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Article
Publication date: 1 February 1975

Ian G. Smith

The British industrial relations system has, on the whole, tended to serve the country well, but it has failed to adapt to new conditions in the postwar period and has…

Abstract

The British industrial relations system has, on the whole, tended to serve the country well, but it has failed to adapt to new conditions in the postwar period and has faltered. More importantly the study of industrial relations has provided a great deal of analysis and a minimum of synthesis of new ideas. The lack of change and adaptation in collective bargaining has increasingly resulted in the failure of the system to cope effectively with the ever changing, and increasingly complex, social, technical and economic forces in our society. Thus collective bargaining has too often been seen to fail in the achievement of orderly settlements to claims, grievances and disputes. One result has been legislation in the shape of the Industrial Relations Act which merely served to inflame collective bargaining. After working for several years in Canada, in the field of labour relations, it is this writer's contention that industrial relations legislation is an unsuitable substitute for management and union jointly solving their problems in an open yet business‐like atmosphere. Legislation is too prickly for the sensitive ears around a bargaining table, and in the last analysis management and unions will do their utmost to avoid any chance of entanglement in the legal web.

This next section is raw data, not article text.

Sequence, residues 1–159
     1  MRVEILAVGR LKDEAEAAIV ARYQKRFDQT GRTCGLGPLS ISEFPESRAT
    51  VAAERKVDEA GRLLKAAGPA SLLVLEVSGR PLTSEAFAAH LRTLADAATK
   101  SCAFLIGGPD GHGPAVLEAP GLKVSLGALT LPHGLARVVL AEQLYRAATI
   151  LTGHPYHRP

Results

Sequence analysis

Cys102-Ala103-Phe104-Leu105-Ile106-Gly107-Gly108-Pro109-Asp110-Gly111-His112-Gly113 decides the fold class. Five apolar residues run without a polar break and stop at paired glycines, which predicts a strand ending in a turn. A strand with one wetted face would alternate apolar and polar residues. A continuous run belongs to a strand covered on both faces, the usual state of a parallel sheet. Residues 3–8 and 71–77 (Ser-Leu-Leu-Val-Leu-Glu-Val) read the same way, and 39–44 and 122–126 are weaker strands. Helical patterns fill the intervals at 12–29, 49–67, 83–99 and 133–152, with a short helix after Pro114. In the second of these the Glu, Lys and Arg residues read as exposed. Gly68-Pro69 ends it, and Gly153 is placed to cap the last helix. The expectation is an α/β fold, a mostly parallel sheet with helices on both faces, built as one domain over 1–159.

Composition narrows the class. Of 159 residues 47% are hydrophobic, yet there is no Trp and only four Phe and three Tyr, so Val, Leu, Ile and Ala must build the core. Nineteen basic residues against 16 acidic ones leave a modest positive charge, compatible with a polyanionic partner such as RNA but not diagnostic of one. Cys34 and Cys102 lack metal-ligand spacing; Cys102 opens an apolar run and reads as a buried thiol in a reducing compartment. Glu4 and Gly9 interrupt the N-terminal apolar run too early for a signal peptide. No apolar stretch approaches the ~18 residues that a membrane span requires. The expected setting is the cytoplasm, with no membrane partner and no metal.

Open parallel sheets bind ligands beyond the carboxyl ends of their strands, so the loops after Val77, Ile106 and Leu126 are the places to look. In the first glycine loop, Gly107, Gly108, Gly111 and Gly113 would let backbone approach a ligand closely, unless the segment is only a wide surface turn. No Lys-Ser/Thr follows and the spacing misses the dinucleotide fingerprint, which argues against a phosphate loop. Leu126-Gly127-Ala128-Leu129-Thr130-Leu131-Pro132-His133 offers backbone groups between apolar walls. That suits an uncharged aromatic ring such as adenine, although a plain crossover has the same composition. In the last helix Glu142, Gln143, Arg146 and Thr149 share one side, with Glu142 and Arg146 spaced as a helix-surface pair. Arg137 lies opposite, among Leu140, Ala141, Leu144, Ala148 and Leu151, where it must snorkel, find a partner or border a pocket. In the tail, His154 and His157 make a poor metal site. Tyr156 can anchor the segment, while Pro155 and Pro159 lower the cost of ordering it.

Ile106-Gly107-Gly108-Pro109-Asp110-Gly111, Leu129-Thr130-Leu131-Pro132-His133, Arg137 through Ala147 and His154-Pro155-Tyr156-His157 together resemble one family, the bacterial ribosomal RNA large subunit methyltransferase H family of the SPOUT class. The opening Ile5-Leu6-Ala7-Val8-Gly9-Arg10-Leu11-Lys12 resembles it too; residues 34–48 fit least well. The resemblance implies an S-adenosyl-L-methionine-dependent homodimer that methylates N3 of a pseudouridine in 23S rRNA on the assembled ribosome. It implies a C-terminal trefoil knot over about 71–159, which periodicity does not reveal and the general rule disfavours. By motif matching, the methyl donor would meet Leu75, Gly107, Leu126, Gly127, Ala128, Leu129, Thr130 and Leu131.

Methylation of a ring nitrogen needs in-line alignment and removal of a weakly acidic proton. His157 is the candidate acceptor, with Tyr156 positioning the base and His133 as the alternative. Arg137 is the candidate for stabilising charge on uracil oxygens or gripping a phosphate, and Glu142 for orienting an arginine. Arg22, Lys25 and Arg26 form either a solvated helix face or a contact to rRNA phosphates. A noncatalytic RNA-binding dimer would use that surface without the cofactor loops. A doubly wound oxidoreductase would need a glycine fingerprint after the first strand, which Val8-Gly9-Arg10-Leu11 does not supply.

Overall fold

Details

Personnel Review, vol. 4 no. 2
Type: Research Article
ISSN: 0048-3486

Article
Publication date: 1 July 1992

Janet Walsh